Startup Says Its Personal eVTOL Is The One For Supercar Customers

Air says its One personal eVTOL could be a sporty daily commuter vehicle.

Credit: Air

MESA, Arizona–If you can afford a supercar, why not buy One, a vehicle that can fly–truly fly? 

That is the pitch behind Air’s 155-mph-top-speed two-seater named One, a personal electrical vertical takeoff and landing (eVTOL) aircraft that the startup is selling as a sporty daily commuter vehicle for people with a pilot’s license. 

The Israeli company, which plans to move its headquarters to the U.S. in the second half of 2023, applied in January to start the process of obtaining a type certificate with the FAA for its winged multicopter, said Chen Rosen, Air’s chief technology officer, on Jan. 25 at the Vertical Flight Society’s eVTOL Symposium. 

While other upstarts are attempting to launch personal eVTOLs to market under the FAA’s light-sport aircraft category—a classification that allows manufacturers to bypass the regulator’s safety certification review—Air sees value in obtaining the FAA’s stamp of approval. 

“Type certification is validation of the safety of the aircraft, which we think is something that is important in order for public acceptance,” Rosen says.

Yet, instead of attempting to obtain a certificate for commercial service–as larger eVTOL air taxis such as Joby Aviation and Archer Aviation are–Air is focused on approval for its One aircraft for personal use. “In terms of safety and reliability, the aircraft has to be the rate of 10 to the minus seven, and not 10 to the minus nine [as with commercial aircraft], in terms of critical failure probability,” Rosen says.

The company’s One eVTOL has eight electric motors, driving eight rotors, and no other moving parts, he says. 

“This aircraft is very, very distributed. We have four completely separate power systems and four batteries. Each battery is connected to two motors,” Rosen says. “You can lose one and you fly normally … And at the end of the day there’s also the ballistic parachute. But the aircraft is being certified without taking credit for the parachute.”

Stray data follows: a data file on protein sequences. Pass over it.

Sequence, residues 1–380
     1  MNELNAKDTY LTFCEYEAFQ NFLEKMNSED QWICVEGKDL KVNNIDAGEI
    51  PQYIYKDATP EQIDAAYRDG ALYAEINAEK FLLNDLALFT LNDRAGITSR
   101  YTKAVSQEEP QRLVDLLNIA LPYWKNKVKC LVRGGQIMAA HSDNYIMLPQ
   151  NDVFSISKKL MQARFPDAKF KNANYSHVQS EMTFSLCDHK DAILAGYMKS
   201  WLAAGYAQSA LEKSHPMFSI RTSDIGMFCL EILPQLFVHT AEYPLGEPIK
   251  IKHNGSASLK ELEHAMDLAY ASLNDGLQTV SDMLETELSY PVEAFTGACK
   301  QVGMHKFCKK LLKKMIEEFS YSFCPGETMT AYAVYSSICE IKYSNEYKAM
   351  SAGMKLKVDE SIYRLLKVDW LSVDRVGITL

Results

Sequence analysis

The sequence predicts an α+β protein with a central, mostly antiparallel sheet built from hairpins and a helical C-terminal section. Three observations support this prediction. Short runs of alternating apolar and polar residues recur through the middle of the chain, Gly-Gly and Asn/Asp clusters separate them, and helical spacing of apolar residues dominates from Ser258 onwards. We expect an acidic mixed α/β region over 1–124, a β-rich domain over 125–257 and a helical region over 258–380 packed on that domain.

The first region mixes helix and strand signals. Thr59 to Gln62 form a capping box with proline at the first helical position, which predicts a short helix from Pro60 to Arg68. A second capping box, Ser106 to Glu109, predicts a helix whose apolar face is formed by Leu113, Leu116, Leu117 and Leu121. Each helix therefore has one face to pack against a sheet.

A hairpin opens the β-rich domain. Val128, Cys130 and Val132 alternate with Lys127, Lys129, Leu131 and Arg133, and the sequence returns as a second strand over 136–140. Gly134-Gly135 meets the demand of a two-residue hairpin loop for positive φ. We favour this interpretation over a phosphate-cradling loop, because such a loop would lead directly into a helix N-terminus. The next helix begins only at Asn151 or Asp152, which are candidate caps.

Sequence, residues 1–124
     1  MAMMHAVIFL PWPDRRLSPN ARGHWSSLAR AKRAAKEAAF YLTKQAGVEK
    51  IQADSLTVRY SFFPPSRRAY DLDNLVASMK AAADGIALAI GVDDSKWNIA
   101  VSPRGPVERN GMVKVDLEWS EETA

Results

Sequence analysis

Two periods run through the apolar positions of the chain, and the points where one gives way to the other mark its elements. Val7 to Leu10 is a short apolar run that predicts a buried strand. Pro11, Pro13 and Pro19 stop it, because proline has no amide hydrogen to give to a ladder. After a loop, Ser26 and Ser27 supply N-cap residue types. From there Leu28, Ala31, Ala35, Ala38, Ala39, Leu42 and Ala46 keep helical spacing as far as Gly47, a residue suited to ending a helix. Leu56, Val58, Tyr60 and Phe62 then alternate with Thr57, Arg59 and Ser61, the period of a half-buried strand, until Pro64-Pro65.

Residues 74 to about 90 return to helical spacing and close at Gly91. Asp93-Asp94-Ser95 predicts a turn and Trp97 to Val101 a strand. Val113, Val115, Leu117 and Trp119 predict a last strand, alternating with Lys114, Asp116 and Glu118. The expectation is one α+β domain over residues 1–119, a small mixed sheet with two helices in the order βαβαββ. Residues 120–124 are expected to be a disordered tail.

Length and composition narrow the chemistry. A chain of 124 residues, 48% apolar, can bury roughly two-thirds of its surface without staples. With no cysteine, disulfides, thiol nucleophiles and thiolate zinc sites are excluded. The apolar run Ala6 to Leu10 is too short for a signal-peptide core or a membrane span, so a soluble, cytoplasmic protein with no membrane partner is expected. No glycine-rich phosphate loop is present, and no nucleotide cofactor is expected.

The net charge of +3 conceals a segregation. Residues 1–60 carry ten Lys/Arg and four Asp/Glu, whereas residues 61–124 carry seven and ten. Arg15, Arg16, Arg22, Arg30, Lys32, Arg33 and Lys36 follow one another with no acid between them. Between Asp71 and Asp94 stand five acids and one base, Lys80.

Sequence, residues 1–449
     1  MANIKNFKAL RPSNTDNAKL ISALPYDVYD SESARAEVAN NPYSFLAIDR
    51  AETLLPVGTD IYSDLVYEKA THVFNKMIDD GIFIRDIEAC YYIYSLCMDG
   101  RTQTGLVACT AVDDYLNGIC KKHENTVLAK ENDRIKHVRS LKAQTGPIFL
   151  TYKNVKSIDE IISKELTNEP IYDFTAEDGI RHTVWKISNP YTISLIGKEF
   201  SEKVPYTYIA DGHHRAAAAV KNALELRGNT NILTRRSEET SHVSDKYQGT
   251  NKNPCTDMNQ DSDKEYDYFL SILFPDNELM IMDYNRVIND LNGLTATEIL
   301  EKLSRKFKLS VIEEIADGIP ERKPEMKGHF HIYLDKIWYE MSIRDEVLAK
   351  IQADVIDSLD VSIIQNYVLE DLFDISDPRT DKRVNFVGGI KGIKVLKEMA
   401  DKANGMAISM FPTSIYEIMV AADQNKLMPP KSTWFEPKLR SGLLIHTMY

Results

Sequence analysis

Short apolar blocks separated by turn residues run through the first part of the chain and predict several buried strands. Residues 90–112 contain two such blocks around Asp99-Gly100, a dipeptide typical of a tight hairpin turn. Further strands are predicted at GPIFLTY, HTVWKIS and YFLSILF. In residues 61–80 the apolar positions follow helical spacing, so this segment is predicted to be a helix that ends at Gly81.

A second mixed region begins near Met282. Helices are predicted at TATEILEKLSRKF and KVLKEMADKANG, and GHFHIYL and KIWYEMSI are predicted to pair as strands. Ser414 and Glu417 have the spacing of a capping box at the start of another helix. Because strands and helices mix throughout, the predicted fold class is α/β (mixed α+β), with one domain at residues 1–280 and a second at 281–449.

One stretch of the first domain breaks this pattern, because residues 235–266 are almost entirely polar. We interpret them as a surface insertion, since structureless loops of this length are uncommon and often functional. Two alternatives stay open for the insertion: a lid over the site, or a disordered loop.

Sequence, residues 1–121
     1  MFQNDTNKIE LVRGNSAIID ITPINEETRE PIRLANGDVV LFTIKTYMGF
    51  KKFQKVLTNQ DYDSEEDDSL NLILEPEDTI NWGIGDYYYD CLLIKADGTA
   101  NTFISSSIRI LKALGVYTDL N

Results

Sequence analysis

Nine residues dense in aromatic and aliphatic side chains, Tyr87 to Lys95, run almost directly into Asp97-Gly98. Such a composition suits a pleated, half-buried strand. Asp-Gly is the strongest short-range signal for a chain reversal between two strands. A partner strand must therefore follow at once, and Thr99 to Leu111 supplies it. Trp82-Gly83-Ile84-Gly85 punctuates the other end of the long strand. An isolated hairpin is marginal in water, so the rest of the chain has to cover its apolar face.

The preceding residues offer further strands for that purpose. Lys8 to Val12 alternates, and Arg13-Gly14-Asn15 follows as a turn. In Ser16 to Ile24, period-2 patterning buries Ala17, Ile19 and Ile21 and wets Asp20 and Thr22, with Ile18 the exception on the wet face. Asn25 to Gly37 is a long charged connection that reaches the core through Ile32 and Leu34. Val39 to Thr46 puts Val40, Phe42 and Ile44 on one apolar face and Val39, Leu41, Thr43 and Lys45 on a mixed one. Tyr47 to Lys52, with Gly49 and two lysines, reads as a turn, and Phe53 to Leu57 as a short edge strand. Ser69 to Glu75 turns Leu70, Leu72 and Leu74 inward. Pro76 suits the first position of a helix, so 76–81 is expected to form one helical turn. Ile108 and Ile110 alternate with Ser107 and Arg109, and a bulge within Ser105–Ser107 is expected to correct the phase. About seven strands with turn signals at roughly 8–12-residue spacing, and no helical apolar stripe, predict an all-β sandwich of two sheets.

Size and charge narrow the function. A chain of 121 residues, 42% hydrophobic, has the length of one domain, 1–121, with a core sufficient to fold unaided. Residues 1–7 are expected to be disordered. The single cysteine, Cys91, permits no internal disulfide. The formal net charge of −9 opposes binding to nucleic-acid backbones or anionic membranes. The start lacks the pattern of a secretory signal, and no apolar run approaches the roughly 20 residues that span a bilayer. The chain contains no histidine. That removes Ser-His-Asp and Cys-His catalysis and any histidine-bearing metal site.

Air contends that its multirotor configuration is easier and safer to fly than a tiltrotor.

“Transitioning to cruising in this aircraft is simpler than in other more complex eVTOL that we usually see as air taxis,” Rosen says. “We actually don’t have any moving components in this aircraft other than the spinning motors. We don’t have any control surfaces. We don’t tilt any motors. We even have fixed pitch propellers. It’s very simple.”

A full-scale prototype of Air’s One aircraft demonstrated transition from hover to wing-borne flight in December.

By transitioning to partially wing-borne flight, the company says it is able to get more range out of its multicopter. That allows the aircraft to have a cruise speed of 100 mph, a range of about 100 mi. and a payload capacity of 550 lb.

“We think of our product more like a sports car,” says Rani Plaut, CEO and co-founder. “Many users will use it daily for commute, while others will use it mainly on weekends for leisure and fun.”

The company also wants its eVTOL to have the look and feel of a supercar.

“Today, if you buy a very large aircraft, you’ve probably paid the price that you’ll pay for a Ferrari,” Rosen says. “But you probably in this Ferrari-priced aircraft get the space, comfort and visual appeal that you wouldn’t accept even in the cheapest car. So, we need to fix that.”

The One comes with racing-style seats, a round glass canopy and bottom windshield for seeing beneath the aircraft.

The One aircraft can be recharged from 0% to 100% within an hour and from 20% to 80% within 30 min. the startup says. The company says the eVTOL can be stored in most garages and driveways, and hauled by trailer. Conceptual images of the vehicle show its wings folded back.   

Air has from its inception planned to eventually relocate and produce its aircraft in the U.S., Plaut says. It has yet to choose its destination, but is negotiating with partners, he says. 

The company has about 300 preorders from customers. About half of customers are people with a pilot’s license. The other half are those who have spent time flying in general aviation aircraft but have yet to get a license, Rosen says.

Air is planning first deliveries of its aircraft by 2024.

Garrett Reim

Based in the Seattle area, Garrett covers the space sector and advanced technologies that are shaping the future of aerospace and defense, including space startups, advanced air mobility and artificial intelligence.